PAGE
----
A great first issue that new and old fans alike can enjoy.
On December 28, 2016, Civil War II #8 revealed Iron Man was potentially out of commission for a long time. Nobody knew at the time it’d be about a year and a half, as he’s only woken from his coma a few months ago. Tomorrow, Marvel Comics releases Tony Stark: Iron Man #1 which marks the first time Tony will be leading his own book in quite some time. That’s exciting as it promises a new direction, a new creative team, and a Tony Stark who has been refreshed by being taken off the board.
So what’s it about?
Read our preview.
Why does this matter?
Both of these creators are primo talents. Dan Slott has done epic things with Spider-Man, writing the series for over 180 issues and producing one of the finest comic runs ever with Superior Spider-Man. Valerio Schiti has proven himself an excellent superhero artist on books like Guardians of the Galaxy and Ms. Marvel.
Fine, you have my attention. What’s good about it?
Do not let the price of this book at $4.99 deter you. It’s not a cash grab because of the #1 on the cover or because of the new creative team. No, this book is packed to the brim with entertainment as it sets up a new status quo for the character, new supporting characters, and supplies excellent action. It’s also quite good at fleshing out Tony Stark’s personality, opening with a flashback when he was a kid crushing at robot war type events and peppering the issue with his trademark wit and humor. There are moments in this issue that feel very much inspired by Robert Downey Jr.’s Iron Man which will make this a great read for those who like that iteration of the character.
Slott has written quite an entertaining issue that even comes with a “The End” on the last page to help solidify the fact that this is its own story. In it we meet a new robot helper of his, an old competitor, and begin to understand a new kind of threat that Tony’s organization will be up against. The company Tony runs is called Stark Unlimited and serves as a kind of invention mecha seemingly to better humanity — or more likely, to let geniuses tinker on his dime. It gives Stark’s business a more fun and easy going outlook with the added benefit of helping the world.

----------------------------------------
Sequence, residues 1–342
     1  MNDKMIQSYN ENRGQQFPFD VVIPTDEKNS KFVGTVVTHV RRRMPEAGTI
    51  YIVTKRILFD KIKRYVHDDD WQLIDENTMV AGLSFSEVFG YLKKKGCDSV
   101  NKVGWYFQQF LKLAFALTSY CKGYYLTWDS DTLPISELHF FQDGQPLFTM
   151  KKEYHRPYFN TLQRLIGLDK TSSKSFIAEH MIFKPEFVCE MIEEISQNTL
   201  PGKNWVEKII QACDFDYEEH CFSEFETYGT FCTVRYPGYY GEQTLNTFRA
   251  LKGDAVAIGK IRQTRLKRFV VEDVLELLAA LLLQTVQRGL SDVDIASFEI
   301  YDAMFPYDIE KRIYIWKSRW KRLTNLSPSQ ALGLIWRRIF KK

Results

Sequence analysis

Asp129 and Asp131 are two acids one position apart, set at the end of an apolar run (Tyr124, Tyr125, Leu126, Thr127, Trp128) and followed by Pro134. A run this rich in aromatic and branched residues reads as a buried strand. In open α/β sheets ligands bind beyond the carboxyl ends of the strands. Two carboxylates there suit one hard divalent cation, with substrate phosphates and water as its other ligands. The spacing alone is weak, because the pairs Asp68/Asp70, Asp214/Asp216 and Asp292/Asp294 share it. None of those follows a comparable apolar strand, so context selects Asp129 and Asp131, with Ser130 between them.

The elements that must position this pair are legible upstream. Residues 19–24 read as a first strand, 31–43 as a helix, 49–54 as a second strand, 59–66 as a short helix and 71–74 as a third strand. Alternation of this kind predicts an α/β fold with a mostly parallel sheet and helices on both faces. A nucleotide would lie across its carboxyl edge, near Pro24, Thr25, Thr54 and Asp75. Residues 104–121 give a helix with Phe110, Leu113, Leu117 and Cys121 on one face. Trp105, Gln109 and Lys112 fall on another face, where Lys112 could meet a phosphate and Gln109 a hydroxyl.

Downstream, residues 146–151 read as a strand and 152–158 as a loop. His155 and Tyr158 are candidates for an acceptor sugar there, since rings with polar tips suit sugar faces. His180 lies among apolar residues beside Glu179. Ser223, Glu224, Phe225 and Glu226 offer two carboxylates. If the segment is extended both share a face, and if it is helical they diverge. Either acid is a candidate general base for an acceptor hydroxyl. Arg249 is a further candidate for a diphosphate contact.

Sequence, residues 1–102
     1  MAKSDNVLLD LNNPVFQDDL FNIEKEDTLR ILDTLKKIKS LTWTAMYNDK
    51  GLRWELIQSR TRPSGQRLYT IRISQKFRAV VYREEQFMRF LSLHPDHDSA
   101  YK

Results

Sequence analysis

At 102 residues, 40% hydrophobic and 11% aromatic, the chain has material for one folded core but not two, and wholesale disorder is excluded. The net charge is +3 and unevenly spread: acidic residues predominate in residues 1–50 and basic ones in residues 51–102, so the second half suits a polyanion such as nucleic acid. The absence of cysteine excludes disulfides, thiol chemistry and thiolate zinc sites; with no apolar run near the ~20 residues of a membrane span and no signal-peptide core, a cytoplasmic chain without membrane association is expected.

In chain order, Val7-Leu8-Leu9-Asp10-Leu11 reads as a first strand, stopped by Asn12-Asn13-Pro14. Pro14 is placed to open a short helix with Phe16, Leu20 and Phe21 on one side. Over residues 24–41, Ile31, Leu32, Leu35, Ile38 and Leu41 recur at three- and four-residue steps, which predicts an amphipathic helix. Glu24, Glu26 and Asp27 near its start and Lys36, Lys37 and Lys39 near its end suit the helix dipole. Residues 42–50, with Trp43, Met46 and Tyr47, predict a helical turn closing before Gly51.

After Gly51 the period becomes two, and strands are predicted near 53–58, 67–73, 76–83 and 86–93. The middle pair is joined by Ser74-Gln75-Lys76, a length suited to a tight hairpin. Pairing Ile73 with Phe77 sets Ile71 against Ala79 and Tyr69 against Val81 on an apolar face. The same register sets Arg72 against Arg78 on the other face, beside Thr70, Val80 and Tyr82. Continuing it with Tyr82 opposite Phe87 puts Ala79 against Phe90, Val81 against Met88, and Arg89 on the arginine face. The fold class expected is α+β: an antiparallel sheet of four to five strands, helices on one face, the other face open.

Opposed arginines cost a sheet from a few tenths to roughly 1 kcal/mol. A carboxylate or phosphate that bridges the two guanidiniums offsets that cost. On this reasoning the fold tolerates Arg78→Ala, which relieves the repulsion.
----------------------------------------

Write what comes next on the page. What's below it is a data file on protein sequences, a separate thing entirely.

Schiti, along with colorist Edgar Delgado, does a great job with the superhero stuff and scope required to fill the pages of one of the greatest heroes of all time. There are a lot of double page layouts in this issue, all of which help stretch the story a bit, but also make it feel larger than life. That’s important because one of the most successful elements of this issue is how it makes you believe Tony and his company can do anything. There’s a creative spark in the art that helps convey how a talking cat could actually be a reality. I don’t want to spoil who the big bad guy is in this issue, but I will say we get three new Iron Man suits to ogle — each of which is impressive in their own ways.
It can’t be perfect can it?
Two things caught me as potential issues for readers, though I think most won’t care or even notice. The first is the general feel of Stark Unlimited which is not too different from Horizon Labs. That was a similarly built tech company in Amazing Spider-Man that funded amazing projects and helped geniuses achieve their dreams. I’m sure there will be new details that help define this company differently, but in this issue, it doesn’t seem all that different.
The other issue is how Slott writes Andy Bhang, who serves as a surrogate for the reader and ends up with very little characterization. We get the idea he’s a man who loves robotics, but we’re told more than once he’s not half the genius of Tony Stark. You’ll begin to question why he’s even being brought in to help Tony and aside from a well-timed save near the end, he doesn’t get much to do besides stand around and watch in amazement. Similar to my previous gripe, however, I imagine we’ll be getting much more development of this character going forward and probably a clearer grasp of why he was really brought in.
Is it good?
I really liked the energy of this book, as well as the sense of scope. Marvel has done a great job with these new #1 series, revisiting the characters and giving them new layers of personality and direction. This is yet another Marvel #1 you should add to your pile and it’s a fun ride for seasoned comic fans and beginners alike. This is Iron Man the way he should be: inventive and fun!